Sermon from October 31

Sealed

Ephesians 1:11-23

O God our help in ages past our hope for years to come, our shelter from the stormy blast and our eternal home.

I felt like I was persevering in a stormy blast one day while swimming in the Atlantic Ocean at Fenwick, Delaware.  A storm had gone through but the winds were still gusting and the waves just billowed in high and hard and fast, one right after another.  I’d just be dealing with one and before I could totally process or recover from that one it seemed the next one was right on top of me.  That can be an obviously dangerous situation and I don’t recommend swimming in that kind of surf but I’ll have to admit there was something exhilarating about it that day.

One commentator describes this first chapter from the book of Ephesians in that manner, saying, “These exultant lines heap one upon the next like breakers rolling ashore” [Sally A. Brown, www.workingpreacher.com]  But these of course are all almost too good to be true waves of blessing and love that just seem to keep coming in on us.

Then he says something quite striking which changes our focus from an image of sea billows and breakers to an exquisite wax seal.  He says, in Jesus, when we believed we were SEALED in him with the Holy Spirit of promise.  You were sealed in or by Jesus with the Holy Spirit of promise.

Have you ever seen an actual wax seal on an envelope?  They can be quite fancy and meaningful.  Before the days of lick-‘em envelopes or self-stick technology we have today, they dripped a bit of melted wax upon the envelope and sealed it or marked it by imprinting the wax with an official or artistic impression which then remained etched on the document or envelope.  The sealing of an envelope had two functions: one was to authenticate and the other was to protect the contents of the envelope.  Similarly, Paul is saying that when we believe in Christ and accept the gift of salvation that what happens spiritually to our heart is that he seals us or authenticates our identity and spiritual inheritance for now and into eternity and he protects our identity and inheritance until that day comes when we enjoy it in full.  He seals our hearts, he protects and authenticates us for this identity and inheritance and he protects and authenticates it for us – now and into eternity.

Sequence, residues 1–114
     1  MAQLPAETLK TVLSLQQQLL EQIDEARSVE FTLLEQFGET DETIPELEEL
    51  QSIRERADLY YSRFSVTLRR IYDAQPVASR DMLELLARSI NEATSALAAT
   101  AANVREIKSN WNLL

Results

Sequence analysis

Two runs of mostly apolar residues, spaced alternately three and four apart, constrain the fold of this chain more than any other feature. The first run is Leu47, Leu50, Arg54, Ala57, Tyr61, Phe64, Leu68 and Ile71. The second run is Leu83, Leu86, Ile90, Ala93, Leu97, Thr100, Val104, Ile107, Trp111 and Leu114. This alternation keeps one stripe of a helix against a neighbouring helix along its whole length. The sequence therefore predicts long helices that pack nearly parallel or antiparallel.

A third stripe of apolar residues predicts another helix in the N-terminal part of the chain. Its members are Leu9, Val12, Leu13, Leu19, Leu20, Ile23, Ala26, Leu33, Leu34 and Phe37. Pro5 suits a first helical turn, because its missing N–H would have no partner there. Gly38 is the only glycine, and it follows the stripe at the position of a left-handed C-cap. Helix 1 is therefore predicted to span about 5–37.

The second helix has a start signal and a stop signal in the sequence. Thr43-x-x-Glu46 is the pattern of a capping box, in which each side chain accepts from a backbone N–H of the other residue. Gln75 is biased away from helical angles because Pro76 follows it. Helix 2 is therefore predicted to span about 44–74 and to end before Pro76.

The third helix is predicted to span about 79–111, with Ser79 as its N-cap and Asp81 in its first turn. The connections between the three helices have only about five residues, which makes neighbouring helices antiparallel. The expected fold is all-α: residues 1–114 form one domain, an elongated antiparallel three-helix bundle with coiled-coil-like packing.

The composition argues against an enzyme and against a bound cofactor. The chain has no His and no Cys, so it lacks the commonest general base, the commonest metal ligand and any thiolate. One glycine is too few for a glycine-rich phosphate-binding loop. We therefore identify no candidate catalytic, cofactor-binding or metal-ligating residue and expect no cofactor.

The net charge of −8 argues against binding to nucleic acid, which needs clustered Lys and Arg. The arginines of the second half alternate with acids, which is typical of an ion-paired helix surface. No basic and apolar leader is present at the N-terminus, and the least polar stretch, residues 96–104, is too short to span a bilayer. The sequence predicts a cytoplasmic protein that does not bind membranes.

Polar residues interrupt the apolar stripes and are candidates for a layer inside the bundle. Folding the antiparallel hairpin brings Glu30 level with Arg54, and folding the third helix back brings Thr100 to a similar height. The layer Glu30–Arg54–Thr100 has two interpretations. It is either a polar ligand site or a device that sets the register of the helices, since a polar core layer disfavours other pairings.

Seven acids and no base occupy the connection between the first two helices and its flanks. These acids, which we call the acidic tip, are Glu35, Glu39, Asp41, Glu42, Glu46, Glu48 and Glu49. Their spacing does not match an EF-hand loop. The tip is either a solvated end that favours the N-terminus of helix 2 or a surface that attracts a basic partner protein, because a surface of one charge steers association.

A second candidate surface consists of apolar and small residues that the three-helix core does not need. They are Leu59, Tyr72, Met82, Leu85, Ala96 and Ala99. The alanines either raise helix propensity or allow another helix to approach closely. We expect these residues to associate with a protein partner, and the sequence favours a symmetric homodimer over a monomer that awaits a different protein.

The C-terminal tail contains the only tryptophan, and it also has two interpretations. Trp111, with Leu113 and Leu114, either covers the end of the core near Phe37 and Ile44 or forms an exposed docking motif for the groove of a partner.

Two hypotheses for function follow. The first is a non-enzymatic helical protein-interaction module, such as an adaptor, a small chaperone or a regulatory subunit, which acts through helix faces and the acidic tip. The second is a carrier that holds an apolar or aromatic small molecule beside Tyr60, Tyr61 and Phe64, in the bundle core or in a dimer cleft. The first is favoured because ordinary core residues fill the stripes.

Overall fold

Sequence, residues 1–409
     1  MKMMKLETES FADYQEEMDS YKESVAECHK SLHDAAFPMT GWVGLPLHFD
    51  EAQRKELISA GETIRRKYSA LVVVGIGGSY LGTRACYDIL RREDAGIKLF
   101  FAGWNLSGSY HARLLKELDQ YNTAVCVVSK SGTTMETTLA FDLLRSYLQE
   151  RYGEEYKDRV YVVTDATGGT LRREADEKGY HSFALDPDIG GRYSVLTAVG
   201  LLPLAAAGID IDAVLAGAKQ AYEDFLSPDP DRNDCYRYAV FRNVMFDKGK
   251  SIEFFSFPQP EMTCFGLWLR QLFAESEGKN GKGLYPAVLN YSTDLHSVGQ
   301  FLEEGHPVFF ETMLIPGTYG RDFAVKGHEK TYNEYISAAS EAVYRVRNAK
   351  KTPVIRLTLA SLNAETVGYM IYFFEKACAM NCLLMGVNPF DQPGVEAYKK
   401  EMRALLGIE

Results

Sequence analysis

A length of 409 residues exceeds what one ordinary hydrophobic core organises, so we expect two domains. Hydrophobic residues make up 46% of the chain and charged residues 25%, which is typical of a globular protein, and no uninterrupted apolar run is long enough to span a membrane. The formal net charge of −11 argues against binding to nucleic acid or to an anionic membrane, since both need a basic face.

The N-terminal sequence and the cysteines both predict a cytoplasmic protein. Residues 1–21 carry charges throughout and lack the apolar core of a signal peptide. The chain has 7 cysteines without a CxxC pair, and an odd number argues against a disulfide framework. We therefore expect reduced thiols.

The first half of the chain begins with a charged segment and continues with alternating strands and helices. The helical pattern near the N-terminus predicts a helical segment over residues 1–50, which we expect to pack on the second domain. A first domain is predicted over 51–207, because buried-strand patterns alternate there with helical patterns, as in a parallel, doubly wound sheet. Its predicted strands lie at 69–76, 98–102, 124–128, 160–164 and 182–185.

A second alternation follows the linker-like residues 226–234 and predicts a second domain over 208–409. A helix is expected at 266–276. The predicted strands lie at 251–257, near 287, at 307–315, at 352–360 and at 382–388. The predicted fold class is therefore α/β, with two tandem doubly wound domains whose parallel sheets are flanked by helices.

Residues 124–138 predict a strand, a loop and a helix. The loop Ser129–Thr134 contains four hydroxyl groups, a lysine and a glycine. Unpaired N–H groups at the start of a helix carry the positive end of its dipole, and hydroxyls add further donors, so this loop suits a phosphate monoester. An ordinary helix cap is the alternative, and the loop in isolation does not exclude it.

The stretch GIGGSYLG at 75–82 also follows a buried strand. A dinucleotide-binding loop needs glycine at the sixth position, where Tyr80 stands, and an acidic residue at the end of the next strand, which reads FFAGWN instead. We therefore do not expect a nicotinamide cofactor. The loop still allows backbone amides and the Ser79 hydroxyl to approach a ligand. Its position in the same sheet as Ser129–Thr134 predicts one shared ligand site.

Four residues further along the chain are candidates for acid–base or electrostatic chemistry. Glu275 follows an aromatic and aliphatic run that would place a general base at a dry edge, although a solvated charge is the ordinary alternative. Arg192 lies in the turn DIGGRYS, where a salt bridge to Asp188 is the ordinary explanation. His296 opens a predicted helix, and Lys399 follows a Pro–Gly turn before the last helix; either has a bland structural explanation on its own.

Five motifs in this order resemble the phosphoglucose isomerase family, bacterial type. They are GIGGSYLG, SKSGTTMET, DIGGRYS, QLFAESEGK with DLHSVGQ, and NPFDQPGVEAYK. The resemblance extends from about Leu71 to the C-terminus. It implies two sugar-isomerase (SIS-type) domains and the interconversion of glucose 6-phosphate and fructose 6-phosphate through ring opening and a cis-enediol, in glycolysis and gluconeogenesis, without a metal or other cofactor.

You were sealed in him.  Let us look a little more closely at what that sealing means for us.

First, it authenticates our spiritual identity and inheritance now and into eternity.  And I want to suggest that all we can do with that is to respond by receiving that identity and inheritance reverently.  Receive it reverently.  This  sealed inheritance is an incredibly valuable eternal gift.   What can we do?  Receive it reverently.  V18 I pray that the eyes of hour heart may be enlightened, so that you may know what is the hope of his calling , what are the riches of the glory of his inheritance in the saints.

Is everybody aware of identity theft?  It occurs when someone steals your name and other personal information for fraudulent use.  Most of us are dismayed by this cyber-age crime and would never assume that theft of another person’s identity is acceptable behavior.  The surprising reality, however, is that Christians are, by definition, people who have someone else’s identity and therefore inheritance.   They’re called Christians because they’ve taken the identity and inheritance of someone else: the Christ.  Not only have we been given an identity and inheritance that we weren’t born with or didn’t earn the right to use, but we’re invited to empty the checking account and use all the benefits this identity and promised inheritance brings!  This is so much better than identity theft, it is identity gift [Elyse Fitzpatrick, Because He Loves Me: How Christ transforms Our Daily Life (Crossway, 2008), p. 51].   This sealing of our hearts in Christ authenticates our identity and promised inheritance.  All we can do is to receive it reverently.  Maggie did that.